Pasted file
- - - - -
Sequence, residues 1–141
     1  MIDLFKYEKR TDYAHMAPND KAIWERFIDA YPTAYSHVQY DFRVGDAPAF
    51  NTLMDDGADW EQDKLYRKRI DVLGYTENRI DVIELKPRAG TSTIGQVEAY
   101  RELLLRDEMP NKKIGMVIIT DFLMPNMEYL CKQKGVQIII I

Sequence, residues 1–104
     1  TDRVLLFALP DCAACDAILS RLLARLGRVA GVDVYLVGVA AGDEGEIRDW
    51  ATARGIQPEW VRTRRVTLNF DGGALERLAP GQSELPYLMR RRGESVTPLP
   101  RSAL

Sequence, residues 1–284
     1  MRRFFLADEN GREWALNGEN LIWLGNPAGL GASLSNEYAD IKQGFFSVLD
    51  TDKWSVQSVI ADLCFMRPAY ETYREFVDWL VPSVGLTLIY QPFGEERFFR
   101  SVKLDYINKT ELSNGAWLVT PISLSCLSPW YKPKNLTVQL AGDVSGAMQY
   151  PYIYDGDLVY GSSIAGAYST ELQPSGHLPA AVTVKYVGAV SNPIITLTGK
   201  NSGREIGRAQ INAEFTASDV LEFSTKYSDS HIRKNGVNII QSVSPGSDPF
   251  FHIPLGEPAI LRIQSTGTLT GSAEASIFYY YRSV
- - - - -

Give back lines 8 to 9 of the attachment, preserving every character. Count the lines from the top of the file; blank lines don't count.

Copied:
   101  RSAL

Sequence, residues 1–284